What makes a Zionist?

Ilan Goldstein, works on the farm
Ilan Goldstein, left, works on the farm

I am a Zionist. Sometimes I wonder what those words really mean, despite my visceral knowledge of their truth. Is it because I love Israel? Because I lived here for five years and have been back more than ten times? Is it because I am Jewish and I feel a connection to my homeland? I have often struggled to put into words what exactly makes me a Zionist, and now that I have embarked on Young Judaea Year Course, a nine month gap year program in Israel, it is imperative that I reach a conclusion. Year Course is split into three sections: the first four months I spent volunteering in Bat Yam, the next four I am spending studying Judaics and Zionism, and the last month I will have different options to travel Israel. After having spent five months on Year Course and looking forward to the next four, I am finally able to answer the question of my Zionism satisfactorily.

The first four months I spent living in this glorious country were spent in the notoriously not-so-glorious Bat Yam, a growing beach town just south of Tel Aviv. Every Israeli I knew reacted the exact same way when I told them that I was going to be living in Bat Yam; the two main responses were simply, why? And the more entertaining but discouraging, what did you lose there? When I actually arrived I was taken by surprise by the beauty of the city despite what everyone had told me. There were small, well-kept parks all over the neighborhood, a lovely boardwalk area, and an amazing view of the Mediterranean Sea, with gorgeous sunsets lighting up my apartment every evening. My experience of volunteering in Bat Yam, however, is what helped me connect to my Zionism. It started out seemingly uninteresting and not impactful, but it quickly turned into one of the most rewarding times of my life.

I found out what Zionism meant to me through the energy and sweat I put into my work on the small, educational agricultural farm inside the city of Bat Yam. When I learned that I would be volunteering on a farm I was very excited, but my excitement quickly disappeared within the first week when the majority of the work I did was mowing grass, cutting tree branches, or pulling weeds, all chores that I do around my house in America. I was being naïve when I complained about that lack of exciting farm work in the first couple weeks of my volunteering. I did not think about the fact that this farm relies on the volunteers Young Judaea sends it every year to keep the place running and looking beautiful (there were four full time employees who kept the grounds, all over the age of 60). In a few short weeks, the other volunteers and I had turned the farm into a beautiful place and had started growing and planting all sorts of flowers and trees. I was enjoying my work but something was still missing, I could have been doing the same thing nearly anywhere in the United States.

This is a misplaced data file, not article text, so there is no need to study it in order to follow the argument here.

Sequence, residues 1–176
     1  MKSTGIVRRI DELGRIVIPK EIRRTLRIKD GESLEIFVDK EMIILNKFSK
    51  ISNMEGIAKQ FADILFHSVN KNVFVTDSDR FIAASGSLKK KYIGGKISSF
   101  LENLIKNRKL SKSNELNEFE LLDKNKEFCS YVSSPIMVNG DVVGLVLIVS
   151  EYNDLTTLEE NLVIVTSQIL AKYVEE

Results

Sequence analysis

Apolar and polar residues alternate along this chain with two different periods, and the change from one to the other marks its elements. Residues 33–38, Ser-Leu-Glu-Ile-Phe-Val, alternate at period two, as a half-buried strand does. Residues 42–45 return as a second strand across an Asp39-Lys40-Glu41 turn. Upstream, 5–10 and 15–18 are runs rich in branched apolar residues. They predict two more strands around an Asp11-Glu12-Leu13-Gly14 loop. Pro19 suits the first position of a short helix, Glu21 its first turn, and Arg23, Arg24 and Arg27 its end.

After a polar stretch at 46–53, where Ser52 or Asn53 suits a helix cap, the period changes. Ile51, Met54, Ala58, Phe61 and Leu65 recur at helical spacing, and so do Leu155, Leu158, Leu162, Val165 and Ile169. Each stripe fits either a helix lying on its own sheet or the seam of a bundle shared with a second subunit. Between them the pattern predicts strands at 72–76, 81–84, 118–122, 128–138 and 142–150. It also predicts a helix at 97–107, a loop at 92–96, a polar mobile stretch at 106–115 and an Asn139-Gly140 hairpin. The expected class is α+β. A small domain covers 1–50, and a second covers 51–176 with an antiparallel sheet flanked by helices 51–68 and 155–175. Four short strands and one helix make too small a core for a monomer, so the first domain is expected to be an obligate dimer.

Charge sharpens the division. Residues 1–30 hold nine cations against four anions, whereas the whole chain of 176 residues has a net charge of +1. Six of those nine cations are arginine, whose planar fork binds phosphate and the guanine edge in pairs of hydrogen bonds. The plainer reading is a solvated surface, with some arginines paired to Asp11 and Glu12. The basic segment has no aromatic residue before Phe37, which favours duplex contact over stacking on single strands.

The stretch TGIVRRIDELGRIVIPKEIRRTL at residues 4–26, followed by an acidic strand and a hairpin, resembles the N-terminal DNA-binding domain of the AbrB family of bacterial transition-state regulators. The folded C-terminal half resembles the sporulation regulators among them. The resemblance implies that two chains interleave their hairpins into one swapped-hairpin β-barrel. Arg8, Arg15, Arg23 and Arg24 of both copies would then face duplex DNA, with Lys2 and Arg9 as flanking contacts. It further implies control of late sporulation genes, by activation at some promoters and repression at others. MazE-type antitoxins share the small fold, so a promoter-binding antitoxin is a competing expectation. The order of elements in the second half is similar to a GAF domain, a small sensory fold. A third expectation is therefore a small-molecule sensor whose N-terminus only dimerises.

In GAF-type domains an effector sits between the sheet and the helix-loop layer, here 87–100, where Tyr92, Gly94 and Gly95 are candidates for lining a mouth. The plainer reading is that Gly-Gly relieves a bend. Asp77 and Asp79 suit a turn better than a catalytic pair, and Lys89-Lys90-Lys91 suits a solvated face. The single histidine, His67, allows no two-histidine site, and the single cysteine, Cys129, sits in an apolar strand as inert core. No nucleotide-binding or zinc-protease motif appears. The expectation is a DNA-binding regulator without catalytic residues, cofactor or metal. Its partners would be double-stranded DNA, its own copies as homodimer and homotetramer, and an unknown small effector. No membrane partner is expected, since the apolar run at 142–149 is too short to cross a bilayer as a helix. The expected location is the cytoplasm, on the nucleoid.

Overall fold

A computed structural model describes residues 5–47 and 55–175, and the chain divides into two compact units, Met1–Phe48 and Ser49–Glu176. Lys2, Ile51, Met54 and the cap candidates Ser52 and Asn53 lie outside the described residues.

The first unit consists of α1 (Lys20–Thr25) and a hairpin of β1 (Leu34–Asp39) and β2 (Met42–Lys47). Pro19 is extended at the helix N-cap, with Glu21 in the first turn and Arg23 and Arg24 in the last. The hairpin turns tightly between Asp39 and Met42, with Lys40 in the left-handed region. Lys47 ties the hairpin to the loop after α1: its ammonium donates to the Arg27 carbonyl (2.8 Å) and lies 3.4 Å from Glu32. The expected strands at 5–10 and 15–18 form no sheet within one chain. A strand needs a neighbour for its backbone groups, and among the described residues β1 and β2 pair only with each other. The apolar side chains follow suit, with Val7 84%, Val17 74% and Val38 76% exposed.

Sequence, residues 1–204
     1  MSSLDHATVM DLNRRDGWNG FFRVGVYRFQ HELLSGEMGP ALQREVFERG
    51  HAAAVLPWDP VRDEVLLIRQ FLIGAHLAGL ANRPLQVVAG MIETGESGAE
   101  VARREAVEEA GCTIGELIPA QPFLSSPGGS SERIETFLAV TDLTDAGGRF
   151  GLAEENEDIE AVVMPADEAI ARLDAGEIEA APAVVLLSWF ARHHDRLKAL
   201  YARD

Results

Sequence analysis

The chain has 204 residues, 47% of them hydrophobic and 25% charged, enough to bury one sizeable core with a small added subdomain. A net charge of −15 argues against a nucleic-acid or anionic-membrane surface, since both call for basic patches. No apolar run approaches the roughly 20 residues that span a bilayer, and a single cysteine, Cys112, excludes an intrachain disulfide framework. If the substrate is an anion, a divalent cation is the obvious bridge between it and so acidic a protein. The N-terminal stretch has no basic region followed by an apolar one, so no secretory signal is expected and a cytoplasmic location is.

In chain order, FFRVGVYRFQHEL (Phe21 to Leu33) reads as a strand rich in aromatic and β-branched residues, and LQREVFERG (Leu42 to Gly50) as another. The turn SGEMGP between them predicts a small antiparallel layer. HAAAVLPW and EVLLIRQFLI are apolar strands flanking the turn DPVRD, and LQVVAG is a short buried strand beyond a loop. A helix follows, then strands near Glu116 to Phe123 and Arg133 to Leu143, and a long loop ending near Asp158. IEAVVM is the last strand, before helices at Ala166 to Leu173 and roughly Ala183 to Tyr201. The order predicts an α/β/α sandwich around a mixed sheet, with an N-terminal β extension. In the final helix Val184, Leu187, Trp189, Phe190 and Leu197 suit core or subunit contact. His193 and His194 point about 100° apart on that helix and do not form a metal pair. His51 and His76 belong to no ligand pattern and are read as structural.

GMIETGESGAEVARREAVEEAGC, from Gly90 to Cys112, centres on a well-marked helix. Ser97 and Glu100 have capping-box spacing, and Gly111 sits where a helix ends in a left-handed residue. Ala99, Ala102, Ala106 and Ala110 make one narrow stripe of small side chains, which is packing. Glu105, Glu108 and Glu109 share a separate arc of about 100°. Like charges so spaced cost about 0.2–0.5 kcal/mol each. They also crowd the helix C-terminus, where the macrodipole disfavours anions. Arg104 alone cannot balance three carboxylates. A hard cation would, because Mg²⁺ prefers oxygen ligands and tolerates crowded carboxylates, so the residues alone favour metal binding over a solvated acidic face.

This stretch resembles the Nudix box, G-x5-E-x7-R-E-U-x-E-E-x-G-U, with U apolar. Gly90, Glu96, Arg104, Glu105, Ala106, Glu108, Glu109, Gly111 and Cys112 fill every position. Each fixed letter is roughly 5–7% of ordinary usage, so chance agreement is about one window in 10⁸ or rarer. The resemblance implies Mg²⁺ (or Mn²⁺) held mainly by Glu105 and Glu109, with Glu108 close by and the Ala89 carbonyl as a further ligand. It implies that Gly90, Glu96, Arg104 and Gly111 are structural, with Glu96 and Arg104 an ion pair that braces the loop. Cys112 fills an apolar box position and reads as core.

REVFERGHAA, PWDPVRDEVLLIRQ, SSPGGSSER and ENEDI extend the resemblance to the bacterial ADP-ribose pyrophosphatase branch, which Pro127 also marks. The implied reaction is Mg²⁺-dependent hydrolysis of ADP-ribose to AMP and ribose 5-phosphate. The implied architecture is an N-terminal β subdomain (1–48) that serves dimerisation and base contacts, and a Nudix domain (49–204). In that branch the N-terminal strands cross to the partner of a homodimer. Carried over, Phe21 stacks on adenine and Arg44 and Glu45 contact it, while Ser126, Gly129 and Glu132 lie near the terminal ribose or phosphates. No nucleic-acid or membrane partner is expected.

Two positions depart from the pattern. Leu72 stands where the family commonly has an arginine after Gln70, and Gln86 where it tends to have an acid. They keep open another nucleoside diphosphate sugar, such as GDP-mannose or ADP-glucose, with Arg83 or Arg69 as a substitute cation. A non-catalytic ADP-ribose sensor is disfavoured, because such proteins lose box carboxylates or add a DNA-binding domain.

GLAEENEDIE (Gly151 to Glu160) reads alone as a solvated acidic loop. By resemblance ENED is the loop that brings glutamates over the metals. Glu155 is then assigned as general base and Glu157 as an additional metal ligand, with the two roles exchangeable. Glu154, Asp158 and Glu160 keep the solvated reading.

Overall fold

The realization of how truly Zionist my work on the farm was struck me out of nowhere one day. I was in the middle of pushing a wheelbarrow full of tree branches, out of an innumerable series of wheelbarrow loads of branches I had to cut down and clear, when I stopped in my tracks and had to process my thought because it hit me with such clarity. I realized that what I was doing had been done by people my age without exception for nearly 100 years. I was part of a long line of Zionist youth who decided to move to Israel to work the land and improve it. The connection that the Jewish people have to the land of Israel has been spiritual for thousands of years, but for the past 100 years the connection has been a physical one, full of blood, sweat, and a love for the national Jewish home. Realizing that I had become a part of that physical connection meant more to my identity as a Jew than anything else that I have experienced in my entire life. That was when I knew that I will always love this country and consider my home, no matter where in the world I am living.


Ilan Goldstein, a Rockville resident, is in Israel studying in the gap-year program Young Judaea Year Course.

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